Following up on my earlier post today on proposal’s to ban junk food ads or promotional characters to kids, take a look at the ACMA’s summary of the scientific evidence on relationships between children advertising and obesity (relevant passage over the fold). It certainly makes me glad that Labor is going to wait until the results of the ACMA Inquiry before committing to its proposal.
The debate about television advertising of food to children exists in a context of concern that obesity is a growing worldwide epidemic (Wadden, Brownell & Foster, 2002). Public health literature points to multi-factorial contributors to obesity, including hereditary, environmental, social and cultural factors. Consideration of the relative role of these complex and interrelated factors to overweight and obesity in children was not in scope for this review, which was of necessity media-focused. However, literature reviews cited that refer to television advertising tend to place children’s exposure to advertising within the framework of effects of television viewing and cite studies of television viewing and obesity (Carter, 2006; Hastings, 2003; Ofcom 2006a).
A number of these studies do establish a correlation between television viewing and obesity in children and adolescents. However, it seems from the research that it is difficult to ‘disentangle’ or isolate television advertising as a factor distinct from television exposure generally (Hastings, 2003; Livingstone, 2006; Ofcom, 2006a). Two points in particular should be noted here:
• where research does establish a correlation between television viewing and obesity, this is reported to be a small or modest relationship, and generally does not provide evidence for causation; and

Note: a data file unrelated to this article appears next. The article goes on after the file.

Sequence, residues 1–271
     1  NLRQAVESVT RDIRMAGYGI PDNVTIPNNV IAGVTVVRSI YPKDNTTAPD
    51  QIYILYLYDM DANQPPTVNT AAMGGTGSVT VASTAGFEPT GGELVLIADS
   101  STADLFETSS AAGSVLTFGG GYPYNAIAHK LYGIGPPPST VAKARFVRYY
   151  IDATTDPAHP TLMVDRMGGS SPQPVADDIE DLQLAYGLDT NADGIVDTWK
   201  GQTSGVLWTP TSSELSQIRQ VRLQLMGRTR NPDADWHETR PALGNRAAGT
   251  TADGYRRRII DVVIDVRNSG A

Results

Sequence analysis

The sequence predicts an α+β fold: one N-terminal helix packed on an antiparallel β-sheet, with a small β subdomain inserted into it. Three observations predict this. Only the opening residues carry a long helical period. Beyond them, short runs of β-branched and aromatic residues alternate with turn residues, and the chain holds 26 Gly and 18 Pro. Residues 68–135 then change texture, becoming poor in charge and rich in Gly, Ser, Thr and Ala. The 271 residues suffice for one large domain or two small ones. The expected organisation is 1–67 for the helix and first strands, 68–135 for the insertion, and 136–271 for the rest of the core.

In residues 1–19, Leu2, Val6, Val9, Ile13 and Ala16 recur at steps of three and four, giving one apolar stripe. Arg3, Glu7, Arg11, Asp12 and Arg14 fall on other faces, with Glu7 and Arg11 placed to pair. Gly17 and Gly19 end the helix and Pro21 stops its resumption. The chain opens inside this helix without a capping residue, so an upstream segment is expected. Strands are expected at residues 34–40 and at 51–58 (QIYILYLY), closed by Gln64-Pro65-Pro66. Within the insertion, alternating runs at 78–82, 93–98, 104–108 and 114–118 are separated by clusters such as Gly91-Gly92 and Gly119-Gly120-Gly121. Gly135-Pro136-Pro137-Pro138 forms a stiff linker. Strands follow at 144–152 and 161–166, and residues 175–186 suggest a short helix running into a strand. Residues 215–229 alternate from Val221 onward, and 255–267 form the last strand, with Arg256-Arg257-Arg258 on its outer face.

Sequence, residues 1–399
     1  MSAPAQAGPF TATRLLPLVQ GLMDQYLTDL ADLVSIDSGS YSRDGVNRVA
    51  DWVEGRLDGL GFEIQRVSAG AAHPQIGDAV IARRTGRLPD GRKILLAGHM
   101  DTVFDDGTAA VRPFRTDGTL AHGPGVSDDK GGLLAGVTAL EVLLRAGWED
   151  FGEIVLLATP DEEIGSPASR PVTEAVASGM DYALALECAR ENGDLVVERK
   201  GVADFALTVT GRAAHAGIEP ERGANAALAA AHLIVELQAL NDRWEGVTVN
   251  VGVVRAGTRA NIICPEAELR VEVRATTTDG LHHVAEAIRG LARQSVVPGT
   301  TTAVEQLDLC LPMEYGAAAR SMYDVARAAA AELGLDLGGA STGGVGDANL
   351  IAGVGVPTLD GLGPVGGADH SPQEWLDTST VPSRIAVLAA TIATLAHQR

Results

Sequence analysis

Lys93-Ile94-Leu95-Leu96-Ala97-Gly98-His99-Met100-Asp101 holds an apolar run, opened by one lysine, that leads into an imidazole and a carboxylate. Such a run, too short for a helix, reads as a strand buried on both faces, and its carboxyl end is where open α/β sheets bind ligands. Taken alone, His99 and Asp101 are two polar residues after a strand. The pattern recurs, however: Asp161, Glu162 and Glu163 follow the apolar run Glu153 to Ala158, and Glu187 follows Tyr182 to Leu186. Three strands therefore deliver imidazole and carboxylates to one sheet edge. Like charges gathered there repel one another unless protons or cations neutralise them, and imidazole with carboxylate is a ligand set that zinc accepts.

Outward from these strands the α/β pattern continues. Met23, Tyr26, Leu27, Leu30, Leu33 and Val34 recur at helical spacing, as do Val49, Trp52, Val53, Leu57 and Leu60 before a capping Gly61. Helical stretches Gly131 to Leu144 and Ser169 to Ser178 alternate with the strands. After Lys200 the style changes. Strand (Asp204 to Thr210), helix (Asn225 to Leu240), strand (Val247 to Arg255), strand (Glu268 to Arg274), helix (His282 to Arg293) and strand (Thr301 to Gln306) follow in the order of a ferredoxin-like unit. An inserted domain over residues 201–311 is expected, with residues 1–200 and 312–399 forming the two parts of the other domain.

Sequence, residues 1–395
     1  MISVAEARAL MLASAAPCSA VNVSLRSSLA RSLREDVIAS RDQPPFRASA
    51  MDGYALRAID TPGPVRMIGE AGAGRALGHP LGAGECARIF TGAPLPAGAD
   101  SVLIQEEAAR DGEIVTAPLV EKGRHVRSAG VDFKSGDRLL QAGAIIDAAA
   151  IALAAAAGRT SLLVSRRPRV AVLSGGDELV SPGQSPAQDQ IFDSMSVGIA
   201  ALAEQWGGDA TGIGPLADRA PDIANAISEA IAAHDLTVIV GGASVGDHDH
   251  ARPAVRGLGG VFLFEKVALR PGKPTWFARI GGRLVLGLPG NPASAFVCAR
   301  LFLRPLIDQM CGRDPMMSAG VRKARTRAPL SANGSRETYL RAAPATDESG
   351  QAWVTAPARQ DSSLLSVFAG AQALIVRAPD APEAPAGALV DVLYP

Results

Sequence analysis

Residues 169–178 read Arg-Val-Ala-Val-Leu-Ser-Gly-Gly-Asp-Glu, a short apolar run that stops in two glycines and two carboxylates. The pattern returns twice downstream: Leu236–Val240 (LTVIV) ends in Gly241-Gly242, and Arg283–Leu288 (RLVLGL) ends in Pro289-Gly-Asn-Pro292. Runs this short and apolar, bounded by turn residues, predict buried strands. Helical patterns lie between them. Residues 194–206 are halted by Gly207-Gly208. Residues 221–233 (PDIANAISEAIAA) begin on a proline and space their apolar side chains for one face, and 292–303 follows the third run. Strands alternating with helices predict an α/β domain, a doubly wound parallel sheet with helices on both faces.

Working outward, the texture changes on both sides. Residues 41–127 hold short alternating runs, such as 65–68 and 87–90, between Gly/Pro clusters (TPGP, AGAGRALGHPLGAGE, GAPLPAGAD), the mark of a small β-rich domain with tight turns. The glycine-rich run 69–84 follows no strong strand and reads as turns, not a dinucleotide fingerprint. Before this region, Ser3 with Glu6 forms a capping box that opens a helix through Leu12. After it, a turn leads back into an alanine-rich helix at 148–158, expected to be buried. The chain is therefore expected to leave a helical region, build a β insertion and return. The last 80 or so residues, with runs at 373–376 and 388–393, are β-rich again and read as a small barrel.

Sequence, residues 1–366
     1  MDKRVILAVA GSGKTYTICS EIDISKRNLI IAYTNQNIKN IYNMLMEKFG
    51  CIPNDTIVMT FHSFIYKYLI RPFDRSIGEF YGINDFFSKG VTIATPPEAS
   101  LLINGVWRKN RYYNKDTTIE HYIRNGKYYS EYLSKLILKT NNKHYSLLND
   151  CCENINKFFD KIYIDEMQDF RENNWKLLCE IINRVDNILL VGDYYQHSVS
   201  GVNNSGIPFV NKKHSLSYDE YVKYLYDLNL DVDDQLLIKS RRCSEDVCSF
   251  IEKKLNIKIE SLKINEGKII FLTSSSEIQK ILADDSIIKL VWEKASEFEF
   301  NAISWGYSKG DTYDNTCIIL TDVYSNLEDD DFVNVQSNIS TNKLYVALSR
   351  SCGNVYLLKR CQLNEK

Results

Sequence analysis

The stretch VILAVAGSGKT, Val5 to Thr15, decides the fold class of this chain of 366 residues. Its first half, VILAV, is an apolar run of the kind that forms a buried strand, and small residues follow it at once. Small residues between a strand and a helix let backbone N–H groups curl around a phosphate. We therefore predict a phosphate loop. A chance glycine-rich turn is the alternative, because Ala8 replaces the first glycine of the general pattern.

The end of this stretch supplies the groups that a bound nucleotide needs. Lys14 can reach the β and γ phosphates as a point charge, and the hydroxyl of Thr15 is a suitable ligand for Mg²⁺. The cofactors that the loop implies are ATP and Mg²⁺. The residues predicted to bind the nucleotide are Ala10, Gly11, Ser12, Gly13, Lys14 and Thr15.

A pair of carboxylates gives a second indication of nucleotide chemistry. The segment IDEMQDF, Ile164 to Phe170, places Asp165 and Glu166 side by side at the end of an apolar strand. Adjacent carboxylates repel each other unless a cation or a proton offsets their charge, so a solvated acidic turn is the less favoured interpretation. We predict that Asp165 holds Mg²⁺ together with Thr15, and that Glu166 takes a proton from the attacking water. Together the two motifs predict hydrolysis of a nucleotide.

• studies generally do not distinguish among three possible explanations for the observed association between television exposure and obesity: increased exposure to food advertisements; increased food intake while viewing; or reduced physical activity.
In the UK, the Office of Communications (Ofcom) published a substantial report on obesity, food promotion and advertising that included compilations of data from other sources, a literature review and new data collected for the purpose of the report (Ofcom, 2004). This found a correlation between hours of television viewing and obesity and poor diet, and found television viewing (a very sedentary activity associated with snacking) to be not the only factor, but a consistent contributor. This report also found that television advertising does have an impact on children’s food preferences, but that it is not solely responsible, finding that other factors also affect preferences. In 2006, Ofcom added policy directions to their 2004 research and re-summarised the main findings about obesity and television advertising by stating that ‘television advertising has only a modest direct effect on childhood dietary habits. Other factors in the family home, playground, school dining room and playing fields have a greater role in driving up levels of childhood obesity when compared to the role played by commercial advertising airtime’ (Ofcom, 2006b, Foreword).
Similarly, a wide-ranging overview of the research literature on the relationship between childhood obesity and food advertising on Australian television (Carter, 2006) reported that television food advertising seems to have only a very small, indirect link to childhood obesity,
with the direction of causation and specific contribution of food advertising equivocal. Carter found robust evidence to suggest that television viewing and childhood obesity are related, but qualified that this relationship is weak, with only a small independent effect size. Carter concluded that regulating television advertising, or banning all television, would have little, if any, effect on childhood obesity rates. Livingstone’s 2006 literature review of mainly US and UK research on television advertising and child obesity concluded that there will never be a perfect experiment to establish whether television advertising causes children’s food choice and subsequent diet. (Ofcom 2006a, Annex 9) The following studies exemplify the range of potential variables that may affect the relationship between television exposure and childhood overweight and obesity.